Lament to War

A hundred years has passed us by and still we think of them:
The lives un-lived, the dreams destroyed, the legions of our men;
We did not know, we could not tell, what terror lay in store,
As year on year the butcher’s cry demanded more and more;

For full a hundred years before our power had waxed supreme,
And kept large conflagrations low and made us start to preen;
We thought we could control events and stop war in its tracks,
With webs of close alliances, diplomacy and pacts;

A maelstrom poured upon our men of iron, steel and fire,
And sent a wail of pitious grief through every town and shire;
“We must press on,” we told ourselves, “what now we had begun,”
Till British pluck and doggedness did triumph o’er the Hun;

Through mud and ice and poison gas, the order was ‘stand fast’:
This trial of strength twixt mortal foes, it surely could not last;
For four long years we stood our ground and bravely would not yield,
Till northern France ran red with blood though every poppy field;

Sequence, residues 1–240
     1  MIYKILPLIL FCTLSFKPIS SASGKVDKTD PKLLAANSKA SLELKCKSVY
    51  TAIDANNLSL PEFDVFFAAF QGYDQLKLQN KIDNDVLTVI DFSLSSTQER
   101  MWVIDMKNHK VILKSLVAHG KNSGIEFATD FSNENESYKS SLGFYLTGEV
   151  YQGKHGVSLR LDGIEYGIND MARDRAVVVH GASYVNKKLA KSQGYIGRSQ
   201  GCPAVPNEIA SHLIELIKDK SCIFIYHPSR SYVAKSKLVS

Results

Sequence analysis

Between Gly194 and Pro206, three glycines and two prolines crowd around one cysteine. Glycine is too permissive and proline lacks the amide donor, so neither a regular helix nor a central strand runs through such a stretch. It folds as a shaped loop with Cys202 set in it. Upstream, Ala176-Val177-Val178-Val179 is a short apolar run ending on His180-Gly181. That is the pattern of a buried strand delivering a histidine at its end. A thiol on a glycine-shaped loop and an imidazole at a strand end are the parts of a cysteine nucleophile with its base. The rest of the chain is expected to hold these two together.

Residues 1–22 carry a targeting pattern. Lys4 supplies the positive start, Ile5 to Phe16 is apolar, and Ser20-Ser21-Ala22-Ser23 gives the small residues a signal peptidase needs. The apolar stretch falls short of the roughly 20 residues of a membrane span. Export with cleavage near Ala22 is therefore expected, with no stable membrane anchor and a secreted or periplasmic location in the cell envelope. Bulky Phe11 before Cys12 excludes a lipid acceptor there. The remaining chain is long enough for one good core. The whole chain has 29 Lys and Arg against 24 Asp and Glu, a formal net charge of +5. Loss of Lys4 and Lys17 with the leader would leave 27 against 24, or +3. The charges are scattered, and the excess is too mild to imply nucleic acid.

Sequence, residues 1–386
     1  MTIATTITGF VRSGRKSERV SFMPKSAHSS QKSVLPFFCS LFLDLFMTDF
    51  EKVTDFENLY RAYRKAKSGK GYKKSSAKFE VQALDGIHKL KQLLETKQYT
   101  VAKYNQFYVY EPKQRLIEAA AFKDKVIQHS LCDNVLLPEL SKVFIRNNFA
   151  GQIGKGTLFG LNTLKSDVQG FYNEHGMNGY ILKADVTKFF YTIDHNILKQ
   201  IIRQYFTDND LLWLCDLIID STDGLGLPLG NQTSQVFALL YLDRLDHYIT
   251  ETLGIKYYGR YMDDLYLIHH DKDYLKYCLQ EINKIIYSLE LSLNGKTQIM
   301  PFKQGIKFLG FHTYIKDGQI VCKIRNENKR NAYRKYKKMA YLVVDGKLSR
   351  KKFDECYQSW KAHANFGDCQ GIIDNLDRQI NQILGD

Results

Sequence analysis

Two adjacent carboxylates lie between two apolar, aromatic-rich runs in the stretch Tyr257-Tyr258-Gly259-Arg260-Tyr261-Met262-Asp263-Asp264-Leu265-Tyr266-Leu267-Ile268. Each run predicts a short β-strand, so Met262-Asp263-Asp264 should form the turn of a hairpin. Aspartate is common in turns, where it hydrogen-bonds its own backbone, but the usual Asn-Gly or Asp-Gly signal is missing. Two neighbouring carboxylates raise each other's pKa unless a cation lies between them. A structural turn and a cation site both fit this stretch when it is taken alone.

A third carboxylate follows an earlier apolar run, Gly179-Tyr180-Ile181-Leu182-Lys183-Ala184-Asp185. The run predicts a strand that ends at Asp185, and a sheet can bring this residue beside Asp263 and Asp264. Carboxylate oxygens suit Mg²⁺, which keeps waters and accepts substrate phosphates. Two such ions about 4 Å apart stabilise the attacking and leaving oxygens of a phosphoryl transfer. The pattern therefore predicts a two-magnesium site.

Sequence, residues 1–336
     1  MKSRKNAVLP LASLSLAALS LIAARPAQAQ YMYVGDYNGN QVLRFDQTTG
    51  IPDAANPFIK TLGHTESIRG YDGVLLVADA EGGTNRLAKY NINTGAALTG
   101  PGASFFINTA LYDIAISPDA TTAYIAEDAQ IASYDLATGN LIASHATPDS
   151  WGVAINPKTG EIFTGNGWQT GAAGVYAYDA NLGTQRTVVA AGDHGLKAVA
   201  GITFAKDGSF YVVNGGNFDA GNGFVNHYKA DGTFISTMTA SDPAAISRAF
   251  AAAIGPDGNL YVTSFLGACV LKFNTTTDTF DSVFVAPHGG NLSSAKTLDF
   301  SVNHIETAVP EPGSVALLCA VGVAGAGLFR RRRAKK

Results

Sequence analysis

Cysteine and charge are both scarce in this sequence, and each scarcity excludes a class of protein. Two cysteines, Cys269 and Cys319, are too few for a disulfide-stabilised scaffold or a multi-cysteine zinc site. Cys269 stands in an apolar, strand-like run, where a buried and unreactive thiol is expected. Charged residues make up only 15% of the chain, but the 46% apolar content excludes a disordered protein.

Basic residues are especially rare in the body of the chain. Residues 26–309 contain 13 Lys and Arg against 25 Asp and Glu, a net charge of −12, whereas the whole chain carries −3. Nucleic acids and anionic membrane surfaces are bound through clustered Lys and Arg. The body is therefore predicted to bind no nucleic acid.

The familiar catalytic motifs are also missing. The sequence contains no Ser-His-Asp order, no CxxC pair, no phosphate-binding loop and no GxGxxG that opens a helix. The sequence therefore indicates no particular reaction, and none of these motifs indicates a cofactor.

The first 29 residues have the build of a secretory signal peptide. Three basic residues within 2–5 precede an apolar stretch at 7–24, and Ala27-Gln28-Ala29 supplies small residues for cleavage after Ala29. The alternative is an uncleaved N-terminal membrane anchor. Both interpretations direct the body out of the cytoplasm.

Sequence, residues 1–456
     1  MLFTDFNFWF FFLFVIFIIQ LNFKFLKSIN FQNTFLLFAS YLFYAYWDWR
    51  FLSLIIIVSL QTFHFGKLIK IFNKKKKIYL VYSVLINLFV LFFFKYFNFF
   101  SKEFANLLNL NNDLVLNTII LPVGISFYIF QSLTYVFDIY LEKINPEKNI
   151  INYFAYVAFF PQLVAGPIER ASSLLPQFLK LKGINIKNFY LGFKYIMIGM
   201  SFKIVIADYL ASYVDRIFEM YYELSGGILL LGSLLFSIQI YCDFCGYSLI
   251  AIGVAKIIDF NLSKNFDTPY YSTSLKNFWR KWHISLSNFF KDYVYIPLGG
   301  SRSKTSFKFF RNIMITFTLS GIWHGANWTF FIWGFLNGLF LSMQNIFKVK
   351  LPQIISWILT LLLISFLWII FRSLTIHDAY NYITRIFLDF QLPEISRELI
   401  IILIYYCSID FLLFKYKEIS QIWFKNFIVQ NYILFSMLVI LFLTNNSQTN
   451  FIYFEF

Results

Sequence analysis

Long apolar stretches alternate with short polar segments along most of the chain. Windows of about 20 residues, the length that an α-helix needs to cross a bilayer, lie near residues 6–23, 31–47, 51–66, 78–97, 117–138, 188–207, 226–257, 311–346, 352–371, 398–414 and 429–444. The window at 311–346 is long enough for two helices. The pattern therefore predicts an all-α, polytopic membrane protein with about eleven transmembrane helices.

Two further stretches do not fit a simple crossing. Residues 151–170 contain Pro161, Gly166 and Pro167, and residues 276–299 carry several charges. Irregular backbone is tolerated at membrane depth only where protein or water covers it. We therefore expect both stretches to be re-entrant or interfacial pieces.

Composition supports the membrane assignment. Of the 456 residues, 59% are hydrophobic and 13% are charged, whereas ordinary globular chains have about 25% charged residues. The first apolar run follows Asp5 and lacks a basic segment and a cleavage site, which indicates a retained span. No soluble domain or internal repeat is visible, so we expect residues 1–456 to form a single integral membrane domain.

Delusions of gargantuan depths had caused us to believe
This war would be no different from the rest we had conceived;
But science changes everything and chivalry was dead,
Midst fire and smoke and shrapnel shells and mustard gas and lead;

Oh God above, what did we do to vent our foolish spleen,
But sacrifice the bloom of youth on altars of the keen?
How little did we think it through and cry aloud, “enough!”
But yet preferred to stumble on with bloody blind man’s bluff.


About tomhmackenzie

Born Derek James Craig in 1939, I was stripped of my identity and renamed Thomas Humphreys in the Foundling Hospital's last intake of illegitimate children. After leaving the hospital at 15, I managed to find work in a Fleet Street press agency before being called up for National Service with the 15th/19th The King's Royal Hussars who were, at that time, engaged with the IRA in Northern Ireland. Following my spell in the Army, I sought out and located my biological parents at age 20. I then became Thomas Humphrey Mackenzie and formed the closest of relationships with my parents for the rest of their lives. All this formed the basis of my book, The Last Foundling (Pan Macmillan), which went on to become an international best seller.

Posted on August 5, 2014, in WWI. Bookmark the permalink. Leave a comment.

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